How to use DukeScript with OnsenUI

Onsen UI is a popular framework for creating hybrid mobile web apps. It has native look and feels for iOS and Android. In the past we used ChocolateChipUI for some projects, but nowadays OnsenUI seems more active and popular. here are some hints in case you want to use it in your own project.


Fortunately OnsenUI is framework agnostic, so it should be easy to use it in DukeScript. For simple demos with a single ons-page it works out of the box. But typically you use a ons-navigator to navigate between pages.

The ons-navigator provides page stack management and navigation. Stack navigation is the most common navigation pattern for mobile apps. When a page is pushed on top of the stack it is displayed with a transition animation. When the user returns to the previous page the top page will be popped from the top of the stack and hidden with an opposite transition animation. To display the pushed page the navigator reads the page from a ons-template and adds it to the dom. Integrating that with DukeScript requires a bit of JavaScript.

ons-page lifecycle

The ons-page throws an “init” event during it’s lifecycle and we can listen on the document for these events. All we need to do is take the relevant view model and call applybindings for the new page. You can have your own management for binding viewmodels on demand. For the sake of simplicity, we’ll simply bind the root view model and pick the relevant submodel in the ons-page. This way you can simply add the bindings as if the template would already be part of the page.

Let’s have a look at an example with some bindings:

<!DOCTYPE html>
<html lang="en">
        <meta charset="UTF-8">
        <title>Onsen UI App</title>
        <link href="css/onsenui.css" rel="stylesheet" type="text/css"/>
        <link href="css/onsen-css-components.min.css" rel="stylesheet" type="text/css"/>
        <script src="js/onsenui.min.js" type="text/javascript"></script>
    <ons-navigator page="tabbar.html"></ons-navigator>

    <ons-template id="tabbar.html">
        <ons-page id="tabbar-page">
                <div class="center">KO List </div>
            <ons-tabbar position="auto"> 
                <ons-tab page="list.html" label="List" active></ons-tab>
                <ons-tab page="settings.html" label="Settings"></ons-tab>

    <ons-template id="list.html">
        <ons-page id="list-page">
            <!-- ko with: itemList -->
            <ons-list data-bind="foreach: items">
                <ons-list-item tappable>
                    <div class="center" data-bind="text: $data, click: $parent.detailsItem"></div>
                    <div class="right" data-bind="click: $parent.removeItem">
                        <ons-icon icon="ion-ios-trash-outline, material:md-delete"></ons-icon>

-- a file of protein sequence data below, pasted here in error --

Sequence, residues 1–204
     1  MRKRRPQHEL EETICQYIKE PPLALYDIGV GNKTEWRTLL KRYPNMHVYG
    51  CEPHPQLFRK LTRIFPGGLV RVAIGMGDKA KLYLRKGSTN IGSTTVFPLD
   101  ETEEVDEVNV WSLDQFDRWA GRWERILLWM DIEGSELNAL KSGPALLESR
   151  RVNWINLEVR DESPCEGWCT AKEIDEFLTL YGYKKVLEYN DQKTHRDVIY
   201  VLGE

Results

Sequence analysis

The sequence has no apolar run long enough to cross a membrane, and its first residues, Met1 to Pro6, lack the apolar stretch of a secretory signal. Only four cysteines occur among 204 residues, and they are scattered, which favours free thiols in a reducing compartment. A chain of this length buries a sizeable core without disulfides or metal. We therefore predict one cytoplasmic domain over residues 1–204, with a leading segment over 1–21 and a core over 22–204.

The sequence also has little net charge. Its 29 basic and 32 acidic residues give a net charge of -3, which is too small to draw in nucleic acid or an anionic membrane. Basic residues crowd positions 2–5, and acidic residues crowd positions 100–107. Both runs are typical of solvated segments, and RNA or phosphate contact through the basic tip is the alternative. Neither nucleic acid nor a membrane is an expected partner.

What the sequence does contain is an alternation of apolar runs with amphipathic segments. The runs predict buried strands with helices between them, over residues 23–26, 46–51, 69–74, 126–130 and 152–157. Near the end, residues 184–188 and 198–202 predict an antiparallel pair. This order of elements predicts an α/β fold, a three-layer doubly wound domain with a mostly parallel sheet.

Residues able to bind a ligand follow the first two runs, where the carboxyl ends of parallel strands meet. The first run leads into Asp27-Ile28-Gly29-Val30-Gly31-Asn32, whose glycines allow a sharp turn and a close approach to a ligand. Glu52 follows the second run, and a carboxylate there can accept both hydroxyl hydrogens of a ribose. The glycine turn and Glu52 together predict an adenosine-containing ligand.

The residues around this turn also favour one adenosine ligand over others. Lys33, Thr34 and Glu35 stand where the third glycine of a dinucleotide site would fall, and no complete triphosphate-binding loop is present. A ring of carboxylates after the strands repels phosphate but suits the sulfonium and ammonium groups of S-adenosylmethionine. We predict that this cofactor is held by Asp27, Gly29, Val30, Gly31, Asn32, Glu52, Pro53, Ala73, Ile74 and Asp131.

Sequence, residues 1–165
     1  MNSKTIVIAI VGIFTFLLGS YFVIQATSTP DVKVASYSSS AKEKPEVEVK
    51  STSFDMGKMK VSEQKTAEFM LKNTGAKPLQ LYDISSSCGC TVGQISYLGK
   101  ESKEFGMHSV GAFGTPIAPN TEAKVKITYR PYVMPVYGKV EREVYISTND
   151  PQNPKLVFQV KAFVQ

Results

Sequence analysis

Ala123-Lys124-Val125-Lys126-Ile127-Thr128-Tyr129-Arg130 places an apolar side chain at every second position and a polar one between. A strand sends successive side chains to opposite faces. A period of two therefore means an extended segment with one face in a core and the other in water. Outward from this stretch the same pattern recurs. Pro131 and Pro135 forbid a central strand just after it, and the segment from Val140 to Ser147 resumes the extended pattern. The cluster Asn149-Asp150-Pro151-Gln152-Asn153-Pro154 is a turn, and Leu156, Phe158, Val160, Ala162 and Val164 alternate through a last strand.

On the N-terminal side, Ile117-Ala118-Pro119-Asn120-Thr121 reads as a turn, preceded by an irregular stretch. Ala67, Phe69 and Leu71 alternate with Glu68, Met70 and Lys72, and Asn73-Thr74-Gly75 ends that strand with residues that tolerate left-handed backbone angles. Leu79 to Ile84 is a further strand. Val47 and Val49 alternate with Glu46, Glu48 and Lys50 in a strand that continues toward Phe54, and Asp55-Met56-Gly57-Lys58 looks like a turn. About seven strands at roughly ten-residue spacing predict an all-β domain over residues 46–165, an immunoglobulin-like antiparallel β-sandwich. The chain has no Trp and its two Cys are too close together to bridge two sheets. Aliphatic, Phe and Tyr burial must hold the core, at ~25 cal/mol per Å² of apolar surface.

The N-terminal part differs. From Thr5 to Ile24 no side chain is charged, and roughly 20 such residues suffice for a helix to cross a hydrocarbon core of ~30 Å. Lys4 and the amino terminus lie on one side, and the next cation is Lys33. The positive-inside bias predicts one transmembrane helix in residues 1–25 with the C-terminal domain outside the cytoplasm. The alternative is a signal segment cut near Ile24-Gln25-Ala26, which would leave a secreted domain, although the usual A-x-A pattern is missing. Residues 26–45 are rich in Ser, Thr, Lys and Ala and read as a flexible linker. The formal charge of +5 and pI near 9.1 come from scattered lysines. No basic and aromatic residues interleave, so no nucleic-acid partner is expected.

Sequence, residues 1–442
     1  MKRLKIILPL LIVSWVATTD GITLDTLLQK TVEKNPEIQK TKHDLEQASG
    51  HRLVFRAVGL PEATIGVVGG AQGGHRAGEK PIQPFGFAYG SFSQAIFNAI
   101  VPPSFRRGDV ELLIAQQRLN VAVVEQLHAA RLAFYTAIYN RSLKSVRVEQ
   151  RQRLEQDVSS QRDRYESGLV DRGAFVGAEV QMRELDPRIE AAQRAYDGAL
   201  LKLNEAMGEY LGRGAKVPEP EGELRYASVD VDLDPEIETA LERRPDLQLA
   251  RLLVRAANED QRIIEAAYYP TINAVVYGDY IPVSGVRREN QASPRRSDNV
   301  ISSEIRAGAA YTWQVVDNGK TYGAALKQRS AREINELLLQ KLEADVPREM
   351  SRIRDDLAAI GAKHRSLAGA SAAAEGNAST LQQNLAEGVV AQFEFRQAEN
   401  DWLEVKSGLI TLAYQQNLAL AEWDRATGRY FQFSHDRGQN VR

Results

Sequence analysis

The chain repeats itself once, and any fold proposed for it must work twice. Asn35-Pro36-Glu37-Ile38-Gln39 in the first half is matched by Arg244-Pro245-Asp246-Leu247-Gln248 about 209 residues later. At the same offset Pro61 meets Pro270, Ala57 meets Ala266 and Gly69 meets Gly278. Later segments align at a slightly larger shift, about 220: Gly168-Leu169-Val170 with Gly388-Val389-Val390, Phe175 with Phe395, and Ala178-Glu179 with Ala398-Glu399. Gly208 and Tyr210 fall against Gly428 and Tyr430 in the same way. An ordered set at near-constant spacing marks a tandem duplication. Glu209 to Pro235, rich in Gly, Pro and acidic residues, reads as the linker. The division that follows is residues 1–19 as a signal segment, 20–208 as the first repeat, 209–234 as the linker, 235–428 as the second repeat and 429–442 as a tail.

<ons-if platform="android">
                <ons-fab position="bottom right" data-bind="click: addItem">+</ons-fab>
            <ons-if platform="ios other">
                <p><ons-button modifier="large--quiet" data-bind="click: addItem">Add new item</ons-button></p>
            <!-- /ko -->

    <ons-template id="details.html">
        <ons-page id="details-page">
            <!-- ko with: itemList -->
                <div class="left"><ons-back-button>KO List</ons-back-button></div>
                <div class="center">Items details</div>
            <ons-row style="margin-top: 100px; text-align: center;">
                    <p style="color: #666; font-size: 18px;">You clicked on: <span style="color: #999" data-bind="text: item"></span></p>
            <!-- /ko -->

    <ons-template id="settings.html">
        <ons-page id="settings-page">
            <p style="text-align: center" data-bind="text: info"></p>

And here’s the view model we’re binding to:

@Model(className = "SettingsViewModel", targetId = "", instance = true, properties = {
    @Property(name="info", type = String.class),
    @Property(name="itemList",type = ListViewModel.class)
final class DataModel {
    static void onPageLoad() {
        SettingsViewModel ui = new SettingsViewModel();     
        ListViewModel listViewModel = new ListViewModel("Item 1", "Item 2", "Item 3");
    @Model( className = "ListViewModel", properties = {
        @Property(name = "items", type = String.class, array = true)
        ,@Property(name = "item", type = String.class)
    public static class ListViewModelVMD{
        public static void addItem(ListViewModel model){
           model.getItems().add("Item "+model.getItems().size());
        public static void removeItem(ListViewModel model, String data){
        public static void detailsItem(ListViewModel model, String data){

The interesting part is the call to “OnsenUITemplates.registerListener()” and “OnsenUITemplates.switchPage(“details.html”)”.

The “registerListener” methods job is to wait for an ons-page to be loaded and apply the bindings. The method “switchPage” is used, when the user wants to swith to a view via a Function in the Java viewmodel (see method “detailsItem”). It simply asks the Navigator to load a certain ons-page.

As soon as the page is loaded an “init” event is thrown and the bindings are applied.

public class OnsenUITemplates {

    @JavaScriptBody(args = {"name"}, body
            = "document.querySelector('ons-navigator')\n"
            + "      .pushPage(name);")
    public static native void switchPage(String name);

    @JavaScriptBody(args = {}, body
            = "document.addEventListener('init', function(event) {\n"
            + "  var page =;"
            + "    ko.applyBindings(ko.dataFor(page), page);\n"
            + "  }); ")
    public static native void registerListener();

That’s it. With these little changes you can use the beautiful OnsenUI for your DukeScript mobile apps.